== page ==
Out today, Blake Lively’s new film The Shallows tells the story of a surfer who finds herself in hot water when she’s bitten by a Great White shark. Reviews about the film itself have been mixed, but regardless of the film’s narrative success, it does get a few things about shark attacks and shark behavior surprisingly right. So let’s look at where Scary Blue Crush can teach us a few things about the way that Great White sharks behave.
First, it’s important to understand that sharks — even Great White sharks — are not all that into humans. They’re not hungry for human flesh, and we aren’t what you might call “appealing” to them. It’s not as if Great White sharks are on the lookout for human prey and jump at the chance to take off an arm or a leg.
“Humans are not on their menu, never have been,” says Shark Research Institute Executive Director Marie Levine. “Sharks learn by exploring their environment. They’re born with a certain amount of instinct, as all animals are, and then they learn by exploring. And most bites on humans by Great White sharks are by juveniles. Predatory attacks occasionally happen, but that’s very rare.”
Because sharks don’t have hands, they explore with their mouths and teeth, meaning that when they don’t know what something is, their discovery process can be a little, er, shall we say “invasive.”
But it’s not a case of Great White sharks looking for a meal and deciding on humans. Sharks are really after the prey that they’ve been feasting on for centuries. A perennial fave? Seals.
In a study called “Hunting patterns and geographic profiling of white shark predation,” Dr. Neil Hammerschlag and his coauthors analyzed the attack and predation patterns of white sharks near Seal Island in False Bay, South Africa. They found that the manner in which sharks attacked seals wasn’t random, but that sharks attacked at certain and recurring points where they found the most success.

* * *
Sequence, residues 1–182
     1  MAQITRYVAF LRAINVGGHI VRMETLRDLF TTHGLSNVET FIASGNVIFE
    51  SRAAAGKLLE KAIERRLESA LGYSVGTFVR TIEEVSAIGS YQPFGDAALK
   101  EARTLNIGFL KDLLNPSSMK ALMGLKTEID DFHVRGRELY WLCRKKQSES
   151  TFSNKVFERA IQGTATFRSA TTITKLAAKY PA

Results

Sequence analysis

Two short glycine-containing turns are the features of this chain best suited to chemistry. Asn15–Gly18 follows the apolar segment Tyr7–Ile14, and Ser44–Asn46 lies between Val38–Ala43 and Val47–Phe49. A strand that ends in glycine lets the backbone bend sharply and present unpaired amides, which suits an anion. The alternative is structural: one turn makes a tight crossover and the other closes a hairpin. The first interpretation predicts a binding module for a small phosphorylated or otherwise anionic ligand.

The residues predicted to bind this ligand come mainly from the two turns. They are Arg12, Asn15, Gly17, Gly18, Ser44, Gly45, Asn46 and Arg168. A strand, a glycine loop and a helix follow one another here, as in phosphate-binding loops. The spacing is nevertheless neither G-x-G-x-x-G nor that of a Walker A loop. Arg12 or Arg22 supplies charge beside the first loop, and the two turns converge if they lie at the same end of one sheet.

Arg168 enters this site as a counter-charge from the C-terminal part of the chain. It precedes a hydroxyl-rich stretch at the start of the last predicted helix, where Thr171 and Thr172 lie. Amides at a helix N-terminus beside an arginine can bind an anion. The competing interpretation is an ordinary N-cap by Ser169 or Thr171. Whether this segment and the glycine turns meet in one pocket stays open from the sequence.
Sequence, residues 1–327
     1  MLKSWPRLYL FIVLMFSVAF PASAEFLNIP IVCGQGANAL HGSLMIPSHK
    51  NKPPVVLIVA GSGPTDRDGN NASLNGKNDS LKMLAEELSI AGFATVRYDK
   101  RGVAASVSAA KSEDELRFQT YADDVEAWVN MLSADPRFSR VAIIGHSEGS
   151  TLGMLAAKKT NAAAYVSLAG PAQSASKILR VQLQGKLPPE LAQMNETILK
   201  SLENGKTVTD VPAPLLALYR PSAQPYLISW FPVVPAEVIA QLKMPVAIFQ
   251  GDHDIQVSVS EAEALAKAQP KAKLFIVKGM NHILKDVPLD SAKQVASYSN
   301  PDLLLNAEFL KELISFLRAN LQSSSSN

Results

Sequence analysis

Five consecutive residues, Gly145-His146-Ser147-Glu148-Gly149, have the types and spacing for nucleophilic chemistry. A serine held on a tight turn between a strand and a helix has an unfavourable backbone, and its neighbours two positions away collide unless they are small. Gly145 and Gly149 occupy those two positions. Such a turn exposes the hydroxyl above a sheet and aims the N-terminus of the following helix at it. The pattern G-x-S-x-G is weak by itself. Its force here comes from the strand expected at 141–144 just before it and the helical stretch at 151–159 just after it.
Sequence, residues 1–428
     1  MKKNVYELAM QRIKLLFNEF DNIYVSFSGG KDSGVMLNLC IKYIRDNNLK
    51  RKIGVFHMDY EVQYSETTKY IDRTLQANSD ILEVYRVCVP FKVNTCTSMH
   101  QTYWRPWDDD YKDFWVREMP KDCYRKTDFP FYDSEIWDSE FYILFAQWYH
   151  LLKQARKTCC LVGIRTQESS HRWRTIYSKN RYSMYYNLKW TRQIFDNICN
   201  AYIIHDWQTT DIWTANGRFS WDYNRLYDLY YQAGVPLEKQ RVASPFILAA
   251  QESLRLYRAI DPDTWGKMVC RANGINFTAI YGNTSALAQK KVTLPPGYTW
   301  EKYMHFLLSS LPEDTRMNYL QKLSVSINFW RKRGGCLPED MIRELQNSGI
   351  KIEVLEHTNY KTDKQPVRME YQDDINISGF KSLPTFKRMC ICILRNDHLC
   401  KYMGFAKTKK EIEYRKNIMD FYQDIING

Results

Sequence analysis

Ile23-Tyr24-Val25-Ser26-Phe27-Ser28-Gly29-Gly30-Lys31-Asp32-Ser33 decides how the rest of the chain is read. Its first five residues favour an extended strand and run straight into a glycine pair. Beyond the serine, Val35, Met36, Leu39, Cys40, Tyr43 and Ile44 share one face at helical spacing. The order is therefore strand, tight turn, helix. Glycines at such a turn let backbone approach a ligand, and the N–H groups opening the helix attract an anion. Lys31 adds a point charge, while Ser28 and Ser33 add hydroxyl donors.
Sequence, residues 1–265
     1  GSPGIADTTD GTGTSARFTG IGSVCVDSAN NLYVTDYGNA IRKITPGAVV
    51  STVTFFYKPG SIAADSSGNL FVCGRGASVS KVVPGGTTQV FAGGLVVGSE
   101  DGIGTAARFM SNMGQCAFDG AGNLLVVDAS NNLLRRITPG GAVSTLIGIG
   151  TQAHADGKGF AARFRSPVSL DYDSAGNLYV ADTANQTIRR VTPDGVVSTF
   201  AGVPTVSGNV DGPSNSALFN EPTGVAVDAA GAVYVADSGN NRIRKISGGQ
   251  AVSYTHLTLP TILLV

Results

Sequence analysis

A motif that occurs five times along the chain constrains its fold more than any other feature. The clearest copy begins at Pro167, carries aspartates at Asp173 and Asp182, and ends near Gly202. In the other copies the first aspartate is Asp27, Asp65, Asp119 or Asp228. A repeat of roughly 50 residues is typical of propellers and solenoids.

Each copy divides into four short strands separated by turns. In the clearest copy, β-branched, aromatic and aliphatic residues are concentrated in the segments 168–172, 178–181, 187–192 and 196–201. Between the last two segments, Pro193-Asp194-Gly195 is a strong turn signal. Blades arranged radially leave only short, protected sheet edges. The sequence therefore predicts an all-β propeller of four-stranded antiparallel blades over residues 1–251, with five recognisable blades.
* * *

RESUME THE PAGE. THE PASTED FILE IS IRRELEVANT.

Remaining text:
Moreover, Hammerschlag and his coauthors found that though sharks don’t have dens or burrows, they may hunt and attack around specific anchor points. In the paper, Hammerschlag et al. say, “The geoprofile peak, corresponding with the most probable location of the anchor point or search base, is not at LP [Launch Pad], the seals’ primary entry and exit point from the island; rather, it occurs 100 m south, in an area with an average depth of about 24 m.”
For the most part, the white sharks here frequented hunting grounds that weren’t too terribly far away from shore in water that wasn’t terribly deep. Sure, they weren’t exactly swimming right up onto the beach, but Seal Island is proof of concept: White sharks can and do venture into relatively shallow water near shore to hunt. What’s more, though white sharks have been found in pretty deep waters, for the most part, these sharks live in coastal areas that aren’t too far from the shore.
What’s also pretty accurate about The Shallows is who, exactly, is being attacked. It turns out that surfers are pretty vulnerable to attacks. The Shark Research Institute also maintains the Global Shark Attack File, which uses medical files to keep a record of shark attacks worldwide.
“Most of the attacks in the last few decades have been on surfers,” Levine says, “and in part that’s because surfers are moving, as a rule, further from shore than swimmers. Also, a shark has very different body language if it feels threatened. It will move a certain way, lowering its fins, but a surfer can’t see that, whereas a scuba diver can. There are very few bites on scuba divers.”
Whether or not The Shallows is a great film or gets the rest of shark science correct remains to be seen. Even so, there’s some truth to be found in terms of the behavior of white sharks. Great White sharks do frequent relatively shallow water, and though they’re not looking for a feast of human flesh, a surfer caught in the wrong place at the wrong time might find themselves particularly vulnerable to an attack.